I forgot to add that the more people who leave their cars for other travel modes, the
lower the emissions and the air pollution to which all travellers are exposed. Though I
expect there would need to be extensive modal shift to get measurable effects on AQ or
So when making the comparisons, you should consider not only the effect on the individuals
but also the population level effects (and the effects on inequalities -
'disparities' or 'variations' if you can't use the I word) from modal
shift. apart from physical activity, car drivers get the benefits and users of other
modes get the 'side effects' of car use.
1. AQ and AT (Mindell, Jenny)
2. Re: H+T--Friends Digest, Re: AQ Impacts vs Active Transport
Benefits (John Eberhard) (Abildso, Christiaan)
Date: Mon, 11 Nov 2013 10:34:53 +0000
From: "Mindell, Jenny" <j.mindell(a)ucl.ac.uk>
Subject: [H+T--Friends] AQ and AT
To: "h+t--friends(a)ryoko.chrispy.net" <h+t--friends(a)ryoko.chrispy.net>
Content-Type: text/plain; charset="Windows-1252"
(Note that each statement needs to have 'in general' added!)
Research in the UK showed that the highest levels of air pollution are in cars (which have
their air intakes directly behind other vehicles' exhaust pipes), regardless of air
conditioning or open windows, with public transit intermediate and cyclists and
pedestrians exposed to lower levels as they're at the edge of the street which usually
has lower levels than the centre of the street.
Secondly, most pedestrians and cyclists would prefer to use side roads where possible as
it's quieter and there's less traffic, so the air quality is also better.
Signposting 'walking routes' and 'cycling routes' can help people with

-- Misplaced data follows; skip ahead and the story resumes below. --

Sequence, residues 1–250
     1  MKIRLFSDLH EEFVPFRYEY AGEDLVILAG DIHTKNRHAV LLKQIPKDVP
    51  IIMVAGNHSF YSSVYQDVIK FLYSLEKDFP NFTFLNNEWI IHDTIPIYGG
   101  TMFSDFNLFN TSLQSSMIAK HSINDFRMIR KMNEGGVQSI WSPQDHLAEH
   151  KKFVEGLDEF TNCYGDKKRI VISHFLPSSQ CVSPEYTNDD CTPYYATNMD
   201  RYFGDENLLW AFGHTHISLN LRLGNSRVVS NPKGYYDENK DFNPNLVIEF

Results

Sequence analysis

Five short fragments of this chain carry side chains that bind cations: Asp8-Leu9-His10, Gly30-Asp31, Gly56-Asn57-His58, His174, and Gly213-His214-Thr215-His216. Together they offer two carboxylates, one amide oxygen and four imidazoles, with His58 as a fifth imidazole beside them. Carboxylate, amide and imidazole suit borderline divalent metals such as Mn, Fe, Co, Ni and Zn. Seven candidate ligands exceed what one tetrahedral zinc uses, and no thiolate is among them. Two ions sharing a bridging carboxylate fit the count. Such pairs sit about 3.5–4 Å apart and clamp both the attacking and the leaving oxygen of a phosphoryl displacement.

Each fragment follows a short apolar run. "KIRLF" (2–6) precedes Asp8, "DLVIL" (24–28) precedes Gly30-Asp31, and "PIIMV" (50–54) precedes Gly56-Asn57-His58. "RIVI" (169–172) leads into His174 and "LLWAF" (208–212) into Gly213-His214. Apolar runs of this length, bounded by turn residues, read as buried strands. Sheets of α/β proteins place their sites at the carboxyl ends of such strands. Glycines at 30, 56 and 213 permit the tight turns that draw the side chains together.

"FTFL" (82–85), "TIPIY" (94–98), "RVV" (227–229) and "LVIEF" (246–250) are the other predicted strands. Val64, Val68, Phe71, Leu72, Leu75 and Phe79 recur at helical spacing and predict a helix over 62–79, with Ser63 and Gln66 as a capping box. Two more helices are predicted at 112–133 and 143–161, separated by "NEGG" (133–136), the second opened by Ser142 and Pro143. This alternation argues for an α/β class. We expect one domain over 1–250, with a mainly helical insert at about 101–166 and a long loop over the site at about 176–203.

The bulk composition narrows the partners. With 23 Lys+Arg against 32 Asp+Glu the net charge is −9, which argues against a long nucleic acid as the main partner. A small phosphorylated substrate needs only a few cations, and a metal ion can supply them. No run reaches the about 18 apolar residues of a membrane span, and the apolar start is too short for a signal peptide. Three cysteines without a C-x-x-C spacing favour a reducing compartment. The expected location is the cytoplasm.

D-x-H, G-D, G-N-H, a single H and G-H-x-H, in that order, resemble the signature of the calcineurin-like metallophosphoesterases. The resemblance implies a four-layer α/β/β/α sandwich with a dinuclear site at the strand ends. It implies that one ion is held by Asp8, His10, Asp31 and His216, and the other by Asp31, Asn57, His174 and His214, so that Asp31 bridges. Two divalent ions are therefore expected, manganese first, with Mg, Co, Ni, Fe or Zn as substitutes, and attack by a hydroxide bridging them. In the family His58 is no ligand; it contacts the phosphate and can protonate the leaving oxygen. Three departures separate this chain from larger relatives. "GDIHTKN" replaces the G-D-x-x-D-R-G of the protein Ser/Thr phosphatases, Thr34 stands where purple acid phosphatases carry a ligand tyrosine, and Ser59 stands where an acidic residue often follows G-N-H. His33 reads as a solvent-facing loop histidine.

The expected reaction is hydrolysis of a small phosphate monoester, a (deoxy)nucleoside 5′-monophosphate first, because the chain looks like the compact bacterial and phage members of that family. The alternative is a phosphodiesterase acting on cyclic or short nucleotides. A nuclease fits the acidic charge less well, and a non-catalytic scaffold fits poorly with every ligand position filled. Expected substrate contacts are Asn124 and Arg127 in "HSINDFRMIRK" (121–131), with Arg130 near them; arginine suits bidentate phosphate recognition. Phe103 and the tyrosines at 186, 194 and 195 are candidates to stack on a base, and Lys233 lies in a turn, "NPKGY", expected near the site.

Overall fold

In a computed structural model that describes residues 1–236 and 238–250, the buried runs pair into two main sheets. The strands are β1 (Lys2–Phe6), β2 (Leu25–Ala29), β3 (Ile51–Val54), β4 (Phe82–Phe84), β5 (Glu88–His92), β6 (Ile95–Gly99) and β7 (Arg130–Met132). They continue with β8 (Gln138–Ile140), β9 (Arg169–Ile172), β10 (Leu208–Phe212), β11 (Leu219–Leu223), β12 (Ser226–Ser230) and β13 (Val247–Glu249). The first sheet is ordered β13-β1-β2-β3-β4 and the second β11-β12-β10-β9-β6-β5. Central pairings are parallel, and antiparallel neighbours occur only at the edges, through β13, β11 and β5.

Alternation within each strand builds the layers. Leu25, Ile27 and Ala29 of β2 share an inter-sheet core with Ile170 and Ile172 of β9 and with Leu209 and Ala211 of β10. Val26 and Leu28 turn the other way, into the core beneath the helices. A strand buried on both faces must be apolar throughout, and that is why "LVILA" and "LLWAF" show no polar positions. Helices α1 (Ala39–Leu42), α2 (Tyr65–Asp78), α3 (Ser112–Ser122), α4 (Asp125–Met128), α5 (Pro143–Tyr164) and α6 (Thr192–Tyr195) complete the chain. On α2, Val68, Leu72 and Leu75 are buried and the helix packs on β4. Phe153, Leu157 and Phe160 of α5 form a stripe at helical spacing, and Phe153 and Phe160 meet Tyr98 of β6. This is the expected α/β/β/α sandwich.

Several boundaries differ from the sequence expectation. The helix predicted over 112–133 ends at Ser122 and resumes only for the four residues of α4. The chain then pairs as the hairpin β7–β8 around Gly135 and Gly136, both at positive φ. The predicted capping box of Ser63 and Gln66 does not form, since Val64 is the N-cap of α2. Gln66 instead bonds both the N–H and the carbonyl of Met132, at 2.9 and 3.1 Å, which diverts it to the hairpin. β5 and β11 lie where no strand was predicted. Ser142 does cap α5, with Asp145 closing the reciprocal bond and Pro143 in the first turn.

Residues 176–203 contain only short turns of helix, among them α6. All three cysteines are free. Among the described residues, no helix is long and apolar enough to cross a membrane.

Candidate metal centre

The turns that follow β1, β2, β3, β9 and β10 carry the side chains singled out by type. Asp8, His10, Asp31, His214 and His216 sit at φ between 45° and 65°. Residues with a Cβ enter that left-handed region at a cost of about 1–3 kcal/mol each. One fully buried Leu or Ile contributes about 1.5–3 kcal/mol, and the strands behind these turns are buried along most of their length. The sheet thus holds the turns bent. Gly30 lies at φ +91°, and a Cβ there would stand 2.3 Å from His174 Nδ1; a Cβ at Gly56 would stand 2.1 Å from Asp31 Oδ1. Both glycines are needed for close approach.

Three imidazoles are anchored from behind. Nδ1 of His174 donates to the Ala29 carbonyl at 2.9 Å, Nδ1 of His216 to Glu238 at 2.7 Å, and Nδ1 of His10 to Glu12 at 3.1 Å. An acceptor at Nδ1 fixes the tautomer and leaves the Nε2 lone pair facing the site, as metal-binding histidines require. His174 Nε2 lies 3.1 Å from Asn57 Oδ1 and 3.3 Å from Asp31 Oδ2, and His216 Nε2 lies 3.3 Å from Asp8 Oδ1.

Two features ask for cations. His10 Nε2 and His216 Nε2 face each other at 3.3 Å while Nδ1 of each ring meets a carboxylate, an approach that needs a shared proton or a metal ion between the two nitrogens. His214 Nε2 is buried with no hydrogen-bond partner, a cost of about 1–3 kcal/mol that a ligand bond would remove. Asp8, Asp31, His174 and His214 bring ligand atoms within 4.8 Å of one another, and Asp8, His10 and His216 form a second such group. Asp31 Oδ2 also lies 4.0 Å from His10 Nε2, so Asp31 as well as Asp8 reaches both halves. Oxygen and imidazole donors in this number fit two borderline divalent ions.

this - as can slower speed limits on residential roads (eg 20mph / 30kph areas).
A few studies have been done, which have found the benefits of AT substantially outweigh
the air pollution and injury risks. eg
* Rojas-Rueda D, de Nazelle A, Tanio M, Nieuwenhuijsen MJ (2011) The health risks and
benefits of cycling in urban environments compared with car use: health assessment study.
BMJ. 343: d4521.
* De Hartog JJ, Boogaard H, Nijland H, Hoek G (2010) Do the health benefits of cycling
outweigh the risks? Environmental Health Perspectives (118) 1109?16.
Dr Jennifer Mindell
Clinical senior lecturer
Department of Epidemiology and Public Health, UCL (University College London)
Journal of Transport and Health:
Transport and Health Study Group: www.transportandhealth.org.uk
Date: Mon, 4 Nov 2013 21:00:01 +0000
From: Thera Black <blackvt(a)trpc.org>
Subject: [H+T--Friends] AQ Impacts vs Active Transport Benefits
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Greetings, all - I'm reaching out to Health and Transportation listserv members in the
hopes someone can point me in a productive direction.
I have a planning commission that is struggling with the public health benefits/impacts of
compact, walkable urban development. On the one hand they understand and appreciate the
active transportation benefits associated with this built form. On the other hand, the
epidemiologist on the commission argues that the increased impacts of air pollution in an
urban area more than offsets the benefits associated with active lifestyle and so is
working to prohibit urbanization measures along our key transit corridors - density, mix
of uses, transit oriented development.
I can find reams of articles on the benefits of active transport. And I can find scholarly
articles about transportation-related air quality impacts on public health. What I cannot
find is anything that brings the two together in a way that sheds light about these
considerations in combination - air quality impacts trumping active transport benefits (or
vice versa). This is further complicated by the studies she is referencing which were done
in major metropolitan areas. We are a small, low-density metro area with a population of
about 175,000 between three cities. Our principal arterials carry anywhere from 10,000 -
18,000 vehicles per day. We have very little "urban" land use form and are
trying to more effectively stimulate that kind of private sector investment along our
premier transit corridors where we have the beginnings of walkable, mixed-use
neighborhoods taking shape.
Are you aware of any research that has looked at the trade-offs between active transport
and air quality impacts that might be useful in this regard?
Any insights are appreciated - thank you!
Thurston Regional Planning Council
2424 Heritage Court SW, Ste A
Olympia, WA 98502
360.956.7575 ext 2545
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